By the twentieth century the Modern Library in America, Everyman’s Library and the Oxford English Texts in Britain, Insel in Germany, Gallimard’s Pléiade imprint, and Mondadori, Laterza, and Ricciardi in Italy were on the way to making a reasonably complete representation of the national classics of each country. Today, however, most of these ventures have been virtually abandoned. (It is true that the Modern Library and Everyman’s have been revived, but with nothing like the old ambition.) The great German publishing house Suhrkamp, famous for its stable of post-World War II avant-garde writers, has initiated a new classical imprint, with complete works of the principal German authors in elegant, large-pocket-size volumes that resemble the Pléiade and old Insel formats, but it is meeting with considerable financial difficulties in carrying out the announced program. There is, in fact, a growing uncertainty about how a project of this kind should be pursued. Only the Library of America, created a decade ago partly in response to the demand of Edmund Wilson that American classics be made accessible to the average reader, and the French Pléiade series continue to publish according to plan in any meaningful fashion, and even they reveal the strains to which such ventures are now subject.
Some recent publications expose the contemporary embarrassment. The Pléiade has finally ended its complete edition of the works of Jean-Jacques Rousseau with a fifth volume largely containing the writings on music. The first four volumes were rapidly published between 1959 and 1969. The final volume has taken more than twenty-five years, and it is the only unsatisfactory element of what has been until now the ideal edition of a French classic.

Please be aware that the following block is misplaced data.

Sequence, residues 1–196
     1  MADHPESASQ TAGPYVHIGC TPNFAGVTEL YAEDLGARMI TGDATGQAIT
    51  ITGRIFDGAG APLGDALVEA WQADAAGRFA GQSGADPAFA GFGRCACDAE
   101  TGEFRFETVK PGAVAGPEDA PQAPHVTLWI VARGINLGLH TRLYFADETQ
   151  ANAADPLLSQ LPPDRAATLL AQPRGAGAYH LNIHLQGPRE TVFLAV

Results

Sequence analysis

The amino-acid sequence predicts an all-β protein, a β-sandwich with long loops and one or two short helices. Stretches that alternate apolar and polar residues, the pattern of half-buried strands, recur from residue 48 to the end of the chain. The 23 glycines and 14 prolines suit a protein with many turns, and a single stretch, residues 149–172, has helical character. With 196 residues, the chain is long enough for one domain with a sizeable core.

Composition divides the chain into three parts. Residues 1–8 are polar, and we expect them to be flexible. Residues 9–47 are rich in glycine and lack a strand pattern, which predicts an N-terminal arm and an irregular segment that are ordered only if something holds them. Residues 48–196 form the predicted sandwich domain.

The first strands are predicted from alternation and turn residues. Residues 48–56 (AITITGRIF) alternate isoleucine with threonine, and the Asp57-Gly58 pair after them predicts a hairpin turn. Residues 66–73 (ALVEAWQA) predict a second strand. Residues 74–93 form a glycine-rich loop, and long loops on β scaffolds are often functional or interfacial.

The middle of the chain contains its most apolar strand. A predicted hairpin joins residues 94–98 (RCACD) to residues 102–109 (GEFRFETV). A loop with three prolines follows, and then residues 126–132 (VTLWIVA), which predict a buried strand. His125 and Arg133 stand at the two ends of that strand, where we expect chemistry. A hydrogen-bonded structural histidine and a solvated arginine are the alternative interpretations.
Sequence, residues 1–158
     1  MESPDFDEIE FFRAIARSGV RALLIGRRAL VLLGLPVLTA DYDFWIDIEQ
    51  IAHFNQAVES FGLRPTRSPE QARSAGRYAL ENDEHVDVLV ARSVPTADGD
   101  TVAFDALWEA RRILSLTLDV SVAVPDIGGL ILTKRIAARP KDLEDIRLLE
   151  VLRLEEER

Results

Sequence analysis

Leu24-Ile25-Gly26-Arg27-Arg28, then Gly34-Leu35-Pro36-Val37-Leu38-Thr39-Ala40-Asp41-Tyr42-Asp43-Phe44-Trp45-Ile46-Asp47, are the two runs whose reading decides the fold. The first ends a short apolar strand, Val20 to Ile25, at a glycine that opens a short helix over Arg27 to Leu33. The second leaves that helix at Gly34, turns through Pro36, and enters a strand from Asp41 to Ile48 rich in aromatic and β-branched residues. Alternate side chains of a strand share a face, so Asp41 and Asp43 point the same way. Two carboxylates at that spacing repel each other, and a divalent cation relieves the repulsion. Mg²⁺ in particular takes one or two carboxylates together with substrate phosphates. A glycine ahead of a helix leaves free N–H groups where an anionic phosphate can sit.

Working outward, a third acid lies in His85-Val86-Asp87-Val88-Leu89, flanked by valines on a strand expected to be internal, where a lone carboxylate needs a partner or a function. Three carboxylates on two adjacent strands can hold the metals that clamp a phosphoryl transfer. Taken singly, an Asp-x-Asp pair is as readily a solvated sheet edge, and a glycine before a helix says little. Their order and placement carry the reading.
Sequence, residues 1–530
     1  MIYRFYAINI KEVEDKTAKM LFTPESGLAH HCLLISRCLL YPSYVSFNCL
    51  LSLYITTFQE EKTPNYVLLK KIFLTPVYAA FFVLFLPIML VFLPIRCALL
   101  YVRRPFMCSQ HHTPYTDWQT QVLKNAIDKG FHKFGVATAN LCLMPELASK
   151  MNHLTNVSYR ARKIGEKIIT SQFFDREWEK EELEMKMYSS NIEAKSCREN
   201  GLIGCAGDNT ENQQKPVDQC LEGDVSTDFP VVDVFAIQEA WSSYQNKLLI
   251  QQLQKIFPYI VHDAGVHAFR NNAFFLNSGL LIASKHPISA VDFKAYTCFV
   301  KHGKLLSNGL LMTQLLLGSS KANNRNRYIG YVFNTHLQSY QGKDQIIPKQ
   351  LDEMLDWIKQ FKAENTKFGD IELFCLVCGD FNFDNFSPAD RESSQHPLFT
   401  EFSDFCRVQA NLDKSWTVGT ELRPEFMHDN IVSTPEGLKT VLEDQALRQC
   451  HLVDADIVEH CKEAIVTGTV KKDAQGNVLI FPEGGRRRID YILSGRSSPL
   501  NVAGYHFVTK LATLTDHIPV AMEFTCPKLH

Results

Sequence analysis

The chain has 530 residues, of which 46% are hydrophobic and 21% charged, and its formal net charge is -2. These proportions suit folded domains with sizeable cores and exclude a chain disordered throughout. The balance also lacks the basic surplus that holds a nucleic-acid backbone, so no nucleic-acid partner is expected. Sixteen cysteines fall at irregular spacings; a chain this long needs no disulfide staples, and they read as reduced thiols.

Rousseau is a fascinating and repulsive author. A man of undeniable charm, he longed for the experience of being betrayed by those for whom he had the greatest affection and admiration. There is hardly one of his friends whom he did not accuse of disloyalty: most of them did, indeed, end by slandering him and trying to destroy his career and his influence. This influence was, in fact, enormous. In politics, philosophy, aesthetics, and literature, he was a writer of great eloquence, arguably the most important figure of the eighteenth century in France. His work is embedded in the events of his own present and in the future as well. He is consequently easy to read and difficult to understand, almost impossible to assess. Democrat or proto-fascist, Romantic or neoclassical, disconcertingly honest or diabolically deceitful, even self-deceiving—all of this applies, but he cannot be circumscribed or defined by any of it.
This makes an intelligent commentary indispensable for an edition of Rousseau. His ideas are bound up with his biography to an extent that those of his contemporaries Voltaire and Kant, for example, are not, and we need to know as well what posterity made of these ideas before we can comprehend how they can speak to us. In this respect, the first four volumes of the new edition are exemplary. The publisher, Gallimard, was forced to adhere to a very high standard of scholarship by the sponsors of the edition, which include Rousseau’s native city of Geneva. The commentary was impeccable and lavish, the text reproduced Rousseau’s original, including his idiosyncratic spelling and punctuation, and the changes he made in his text were given so that one could follow the development of his thought.
This cannot be said of the new volume. Some of the individual texts are given with the same earlier care: particularly admirable is Jean Starobinski’s introduction to and commentary on the Essay on the Origin of Language. The largest work printed here, however, is Rousseau’s Dictionary of Music, presented with some explanatory essays and also a splendid introduction by Jean-Jacques Eigeldinger (justly famous as the most distinguished Chopin scholar we have), but with no detailed commentary and without any of the variant readings that all the other works in the edition have received.